Imagine how you would feel if someone suddenly picked you up, put you in a box, took you for a ride in a strange vehicle, and then let an unknown person in a white coat probe your most delicate areas and stick needles in you! That is what the experience of going to the veterinarian seems like to cats. There are steps you can take to make this a less frightening experience for your cat.
Get your cat used to their cat carrier well before their veterinary appointment. Leave the open carrier sitting out so that they can explore it on their own. Place catnip or treats in the carrier to get them to look inside. You can even leave the carrier out permanently as a bed or hiding place for your cat.
Get your cat used to going for rides in the carrier. Put them into the carrier with a special treat and drive around the block a few times. Your cat will be less fearful if they see that a ride in the carrier does not always end at the vet’s office. They will also get more accustomed to riding in the car. When your cat is riding in your car, turn the stereo down to a low volume, roll up the windows and turn on the air vents. Too much noise from the stereo or the road can frighten the cat. Never put your cat into a hot car or leave her there unattended for any length of time!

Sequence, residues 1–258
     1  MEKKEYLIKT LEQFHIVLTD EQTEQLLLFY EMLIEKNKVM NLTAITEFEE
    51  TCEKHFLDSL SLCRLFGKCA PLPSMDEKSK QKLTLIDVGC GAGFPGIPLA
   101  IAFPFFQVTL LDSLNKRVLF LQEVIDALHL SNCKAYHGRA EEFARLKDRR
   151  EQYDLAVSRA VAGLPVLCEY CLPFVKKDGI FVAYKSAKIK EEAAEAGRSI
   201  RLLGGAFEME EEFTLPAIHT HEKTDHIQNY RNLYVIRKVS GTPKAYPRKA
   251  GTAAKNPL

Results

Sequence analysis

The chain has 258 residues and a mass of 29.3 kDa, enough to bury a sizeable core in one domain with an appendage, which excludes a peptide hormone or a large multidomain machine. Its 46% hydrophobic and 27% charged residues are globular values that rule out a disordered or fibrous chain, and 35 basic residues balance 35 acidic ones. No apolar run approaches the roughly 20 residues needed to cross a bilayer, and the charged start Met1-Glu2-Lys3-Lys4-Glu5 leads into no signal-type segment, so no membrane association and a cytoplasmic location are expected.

Attempt to make the trip to the vet a positive experience. Give your cat special treats or toys at the vet’s office. Schedule appointments at the least busy time of day and call ahead to make sure the vet is running on time. Sitting in a crowded waiting room with barking dogs and crying children will only create more anxiety for your cat. If your cat is very fearful of dogs, you can go to a clinic that only sees cats or a cat-friendly practice (did you know that we are a cat-friendly practice here at Westwood Hills?!).
When you bring the cat home, make sure that the cat’s refuge is available. Cats recognize one another by smell. When your cat returns home, other cats may treat her as an outsider because they smell like the vet’s office. You may need to reintroduce them slowly to avoid conflict.
Written by: Chris MacDonald, DVM